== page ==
Indeed the passion of fear, when exorbitant and overwhelming, causes a wretched neglect of the means of salvation. If á ship springs a leak, and the waters pour faster into it, than the mariners can pump it out, and they see nothing but the sea ready to swallow them up, their hearts and hands faint, and they give over all labour. If men are desperate, they will be disobedient : but we can never raise our fears of God too high, if we retain a firm belief of his “ mercy that rejoices over judgment.” This will not infringe our liberty, but enlarge it; for it is the most ignominious slavery to be under the dominion of sin, and the just apprehensions of its terrible consequences.

The fear of God engages him to be our friend, and rescues us from all the perplexities to which we are liable in this open state. Many sins are committed from fear of the anger of men, and presumption of the nercy of God; but it is often found, that a religious constancy gains more friends than carnal obsequiousness. “ When a man's ways please the Lord, he will make his enemies to be at peace with him.”,

Especially in all acts of worship, this grace should be in its highest exercise. It is the apostle's direction, “ let us draw near with reverence and godly fear, for our God is a consuming fire." We inust solemnly consider the greatness of God, “who dwells in light inaccessible, and is a consuming fire to all that disparage him by slight and careless addresses. “Shall not his excellency make us afraid ?” In prayer let us draw near to his throne in the deepest sense of our meanness and unworthiness ; and tremble at the hearing of his word. This, disposition will make us acceptable in his eyes. The Lord saith," the heaven is my throne, and the earth is my footstool ; to him will I look, who is poor and of a contrite spirit, and trembles at my word.

And in times of temptation, when pleasing lusts are imperious and violent, then it is necessary to control them by the fearful remembrance, “ that for all these things God will bring us to judgment.” This will clear the mind from the eclipses and clouds of the carnal passions, and keep the senses under the dominion of the superior and surer faculties.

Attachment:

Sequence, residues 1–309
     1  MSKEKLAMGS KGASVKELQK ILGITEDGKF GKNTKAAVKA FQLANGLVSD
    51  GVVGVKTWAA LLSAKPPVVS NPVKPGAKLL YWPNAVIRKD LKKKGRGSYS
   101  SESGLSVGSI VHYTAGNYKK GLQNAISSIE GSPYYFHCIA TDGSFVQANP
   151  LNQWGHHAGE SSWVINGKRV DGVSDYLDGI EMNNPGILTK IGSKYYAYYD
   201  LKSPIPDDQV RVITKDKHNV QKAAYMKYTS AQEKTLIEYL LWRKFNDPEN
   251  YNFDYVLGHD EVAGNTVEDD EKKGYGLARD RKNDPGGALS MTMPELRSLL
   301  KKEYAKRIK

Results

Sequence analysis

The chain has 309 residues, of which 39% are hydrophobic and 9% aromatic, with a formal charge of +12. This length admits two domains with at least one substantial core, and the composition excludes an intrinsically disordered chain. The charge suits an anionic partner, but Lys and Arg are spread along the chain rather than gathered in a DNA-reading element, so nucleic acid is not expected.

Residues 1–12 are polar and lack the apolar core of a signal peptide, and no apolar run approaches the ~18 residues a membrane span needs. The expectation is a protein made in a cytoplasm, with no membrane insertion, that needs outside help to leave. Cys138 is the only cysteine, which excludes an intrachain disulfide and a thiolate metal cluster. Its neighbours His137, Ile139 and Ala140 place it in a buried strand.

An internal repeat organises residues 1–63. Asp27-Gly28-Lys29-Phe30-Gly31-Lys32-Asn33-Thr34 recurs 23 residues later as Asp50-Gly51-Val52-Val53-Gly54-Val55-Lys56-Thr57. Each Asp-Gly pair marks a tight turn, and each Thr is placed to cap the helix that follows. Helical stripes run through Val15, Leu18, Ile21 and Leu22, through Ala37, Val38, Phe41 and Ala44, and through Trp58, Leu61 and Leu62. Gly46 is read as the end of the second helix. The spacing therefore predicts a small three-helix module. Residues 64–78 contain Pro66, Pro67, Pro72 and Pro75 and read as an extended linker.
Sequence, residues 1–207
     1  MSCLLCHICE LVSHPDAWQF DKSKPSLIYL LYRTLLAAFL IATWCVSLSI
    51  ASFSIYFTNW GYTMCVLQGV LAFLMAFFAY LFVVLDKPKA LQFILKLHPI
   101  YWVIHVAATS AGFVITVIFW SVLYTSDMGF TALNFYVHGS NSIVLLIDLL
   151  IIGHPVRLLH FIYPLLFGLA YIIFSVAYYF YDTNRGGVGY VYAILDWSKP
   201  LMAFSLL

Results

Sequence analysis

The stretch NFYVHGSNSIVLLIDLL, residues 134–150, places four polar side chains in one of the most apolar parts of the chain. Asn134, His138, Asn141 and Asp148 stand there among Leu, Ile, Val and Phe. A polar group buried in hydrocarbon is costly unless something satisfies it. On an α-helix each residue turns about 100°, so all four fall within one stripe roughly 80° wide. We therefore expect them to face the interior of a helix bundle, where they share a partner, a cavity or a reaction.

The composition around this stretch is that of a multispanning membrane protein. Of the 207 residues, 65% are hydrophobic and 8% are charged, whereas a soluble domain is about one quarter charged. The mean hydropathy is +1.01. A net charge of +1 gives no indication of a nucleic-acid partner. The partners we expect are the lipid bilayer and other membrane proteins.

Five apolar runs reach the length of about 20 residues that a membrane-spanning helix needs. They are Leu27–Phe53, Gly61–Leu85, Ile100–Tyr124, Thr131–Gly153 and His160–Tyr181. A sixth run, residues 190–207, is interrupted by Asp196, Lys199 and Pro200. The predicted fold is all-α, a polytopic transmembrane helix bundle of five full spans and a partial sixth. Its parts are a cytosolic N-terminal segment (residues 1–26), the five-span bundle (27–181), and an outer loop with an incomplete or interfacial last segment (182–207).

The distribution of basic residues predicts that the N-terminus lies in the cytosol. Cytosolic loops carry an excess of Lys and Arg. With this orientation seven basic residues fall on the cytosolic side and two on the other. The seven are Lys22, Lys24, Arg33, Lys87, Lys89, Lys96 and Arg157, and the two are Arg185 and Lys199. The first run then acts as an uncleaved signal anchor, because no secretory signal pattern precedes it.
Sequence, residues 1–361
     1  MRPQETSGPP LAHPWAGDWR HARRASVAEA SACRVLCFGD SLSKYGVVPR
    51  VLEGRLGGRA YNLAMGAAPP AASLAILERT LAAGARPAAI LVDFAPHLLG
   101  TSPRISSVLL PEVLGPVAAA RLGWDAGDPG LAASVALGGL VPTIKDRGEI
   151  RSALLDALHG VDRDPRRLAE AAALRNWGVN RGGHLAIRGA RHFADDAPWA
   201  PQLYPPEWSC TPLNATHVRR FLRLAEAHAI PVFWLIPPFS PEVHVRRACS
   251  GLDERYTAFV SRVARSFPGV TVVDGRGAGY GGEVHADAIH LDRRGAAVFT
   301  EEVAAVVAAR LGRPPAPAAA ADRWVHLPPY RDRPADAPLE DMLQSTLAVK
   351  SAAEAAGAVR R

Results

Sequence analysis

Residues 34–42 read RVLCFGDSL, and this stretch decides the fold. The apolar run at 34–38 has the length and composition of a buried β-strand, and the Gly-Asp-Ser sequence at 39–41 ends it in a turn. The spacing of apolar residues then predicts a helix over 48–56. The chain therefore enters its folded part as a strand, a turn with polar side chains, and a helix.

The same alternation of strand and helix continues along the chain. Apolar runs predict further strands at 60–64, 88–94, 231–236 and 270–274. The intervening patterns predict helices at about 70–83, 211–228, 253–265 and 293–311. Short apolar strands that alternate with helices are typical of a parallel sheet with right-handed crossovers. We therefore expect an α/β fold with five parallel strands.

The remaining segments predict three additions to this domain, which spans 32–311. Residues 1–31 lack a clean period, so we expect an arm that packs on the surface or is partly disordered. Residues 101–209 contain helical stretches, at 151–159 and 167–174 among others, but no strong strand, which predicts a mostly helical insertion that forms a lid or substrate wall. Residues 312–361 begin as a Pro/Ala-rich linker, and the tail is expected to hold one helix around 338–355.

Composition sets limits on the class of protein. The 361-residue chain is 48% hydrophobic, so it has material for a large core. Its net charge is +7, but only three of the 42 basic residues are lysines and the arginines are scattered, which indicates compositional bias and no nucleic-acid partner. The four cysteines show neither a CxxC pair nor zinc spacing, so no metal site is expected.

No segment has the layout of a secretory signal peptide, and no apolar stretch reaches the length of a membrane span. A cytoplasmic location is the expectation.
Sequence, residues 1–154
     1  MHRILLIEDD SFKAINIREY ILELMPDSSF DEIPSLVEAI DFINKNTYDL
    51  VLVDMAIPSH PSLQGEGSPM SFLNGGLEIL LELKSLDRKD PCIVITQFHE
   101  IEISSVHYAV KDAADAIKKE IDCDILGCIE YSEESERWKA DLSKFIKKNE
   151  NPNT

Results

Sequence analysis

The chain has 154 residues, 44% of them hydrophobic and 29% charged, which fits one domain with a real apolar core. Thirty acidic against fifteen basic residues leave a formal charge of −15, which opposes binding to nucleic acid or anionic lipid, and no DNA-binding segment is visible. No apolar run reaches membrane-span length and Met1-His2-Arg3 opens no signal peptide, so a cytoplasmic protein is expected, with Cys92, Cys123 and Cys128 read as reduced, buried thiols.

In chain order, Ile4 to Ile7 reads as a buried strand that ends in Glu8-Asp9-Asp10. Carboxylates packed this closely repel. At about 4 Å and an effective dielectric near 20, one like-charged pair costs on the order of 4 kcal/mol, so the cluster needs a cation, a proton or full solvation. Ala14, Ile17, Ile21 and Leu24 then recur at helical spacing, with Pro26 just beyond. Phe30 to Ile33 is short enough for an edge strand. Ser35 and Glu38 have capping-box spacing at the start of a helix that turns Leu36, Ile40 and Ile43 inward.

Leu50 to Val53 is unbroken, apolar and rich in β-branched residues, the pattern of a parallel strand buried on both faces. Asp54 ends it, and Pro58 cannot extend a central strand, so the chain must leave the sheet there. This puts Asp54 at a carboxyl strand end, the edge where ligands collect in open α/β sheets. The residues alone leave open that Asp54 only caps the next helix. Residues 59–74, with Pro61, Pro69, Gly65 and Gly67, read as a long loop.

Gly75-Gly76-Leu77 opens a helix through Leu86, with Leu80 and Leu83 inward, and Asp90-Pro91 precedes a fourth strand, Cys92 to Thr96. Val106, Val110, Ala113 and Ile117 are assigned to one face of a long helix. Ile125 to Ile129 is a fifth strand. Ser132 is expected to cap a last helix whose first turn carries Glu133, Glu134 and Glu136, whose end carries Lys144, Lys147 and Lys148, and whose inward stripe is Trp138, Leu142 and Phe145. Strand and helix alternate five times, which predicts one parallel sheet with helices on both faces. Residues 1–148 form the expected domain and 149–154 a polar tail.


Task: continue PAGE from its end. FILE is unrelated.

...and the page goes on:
“ Blessed is the man that fears always, that is continually vigilant in secret, and society; who considers that God's eyes are always upon him, in order to judgment, and whose eyes are always upon God, in order to acceptance.

CHAP. X.

That promise, that God will be our father, a powerful inducement to strive

after the perfection of holiness. The dignity and happiness of the relation. The pardon of sin, an adoptive freedom in prayer, and interest in the eternal inheritance, are the privileges of God's children. The influence of this relation to make us entirely holy considered. An inquiry whether we are proceeding to perfection; the vanquishing sin, an indication of the power of grace. The habitual frame of the heart, and fixed regularity of the life, discovers our progress in holiness. According to our love to God, and things that have the nearest resemblance to him, we may judge of our spirituality. The spiritual law of God, the spiritual worship of God, the spiritual image of God in the saints, are the principal objects of the love of the spiritually minded. To preserve an equal temper of mind in the changes of the present state, discovers excellent degrees of ho. Jipess.

III. I AM now come to the third general lead, the motives to enforce the duty of striving after pure and perfect holiness; the promises specified in the antecedent chapter, " that the Lord almighty will receive us, and we shall be his sons and daughters; that he will dwell in us, his living temples, and walk in us.' This divine relation, and communion the consequent of it, should keep the state of perfection always in our design and view, and